- Get your Dog Microchipped during one of the procedures. Nunya stays close and doesn’t run out of the house but she can no longer wear a collar due to the shunt that was implanted in her neck. Since we don’t keep a harness on her 24/7, it well worth not having to worry about her getting lost.
Additional Information from Andrea Weeres’ Experience and Tips from her Doctors labeled “Nasal Tumor Management Tips”:
Andrea has been extremely open and helpful with her experience with her lab, Bob. Unfortunately, Bob had to be put to sleep three weeks before Nunya. Our hearts go out to Andrea and her family.
- Yunnan baiyao or paiyao: Chinese herbal formula used to stop bleeding, promote wound healing, and relieve pain (Nunya was also given this drug and we have received several other positive comments about it.)
- Phenylephrine nasal spray (phenylephrine HCl 0.125%) (eg. “Neo-Synephrine”): Phenylephrine nasal spray can be administered for acute nosebleeds. Give one spray in the affected nostril. Use this spray only as needed in case of nosebleed, not as a daily medication. This medication can be purchased over the counter at your local pharmacy. (Normal adult Neo-Synephrine will be at a much higher concentration – we were advised to use “Baby” or to dilute with Saline)
- Saline nasal spray (eg. Baby or Child Simply Saline, or Ocean Saline Nasal Spray): Spray saline nasal spray twice in each nostril as needed. Use to cleanse nasal passages, liquefy mucus, and moisturize dry and irritated nasal tissues.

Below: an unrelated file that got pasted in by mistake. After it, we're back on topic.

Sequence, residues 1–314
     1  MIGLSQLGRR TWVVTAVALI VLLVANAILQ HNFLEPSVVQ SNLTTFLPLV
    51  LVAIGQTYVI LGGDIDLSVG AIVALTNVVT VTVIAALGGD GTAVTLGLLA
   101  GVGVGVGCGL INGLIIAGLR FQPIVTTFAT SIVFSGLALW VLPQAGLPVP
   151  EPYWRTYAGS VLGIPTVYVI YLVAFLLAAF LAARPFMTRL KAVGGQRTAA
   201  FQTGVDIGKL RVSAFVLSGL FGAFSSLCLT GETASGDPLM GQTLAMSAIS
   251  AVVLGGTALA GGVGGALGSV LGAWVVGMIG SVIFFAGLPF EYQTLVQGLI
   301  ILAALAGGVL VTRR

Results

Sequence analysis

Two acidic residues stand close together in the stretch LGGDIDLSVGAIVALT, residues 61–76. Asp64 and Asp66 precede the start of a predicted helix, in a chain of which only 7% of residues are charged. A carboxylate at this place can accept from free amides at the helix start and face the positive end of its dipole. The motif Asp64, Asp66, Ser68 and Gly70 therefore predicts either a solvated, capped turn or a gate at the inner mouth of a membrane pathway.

- Antibiotic therapy: Many dogs with nasal tumors have a concurrent, low-grade infection and seem to benefit from antibiotic therapy. Clavamox and clindamycin are usually effective and tolerated well. (Andrea just had our dog on Clavamox and it worked well, Cost was about $146 for 14 days as her lab needed 2 tablets twice a day)
- COX-2 Inhibitors may be of some benefit for the anti-inflammatory effect, and the potential anti-tumor effect of COX-2 inhibitors in carcinomas. Often the older patients are already on an NSAID for arthritis. If not, we usually prescribe carprofen or Deramaxx to relieve discomfort associated with peritumoral inflammation and any acute radiation side effects if there are no contraindications to NSAID use in the patient. (Andrea’s lab takes Rimadyl twice daily )
- FLONASE® (fluticasone propionate aqueous nasal spray): 50 mcg/metered dose (spray). Corticosteroid for nasal use. Use one to two sprays in each nostril daily for three days, then every other day. Go to every three days or weekly if effective. The action of Flonase is primarily local, with very little systemic absorption at recommended dosages. Caution to use as low a dose as is effective, especially in dogs also being treated with an NSAID to avoid NSAID/steroid drug interaction.
PLEASE consult your vet before trying any of these suggestions. We only know the dosages for our dog whose weight and health might vary greatly from your own.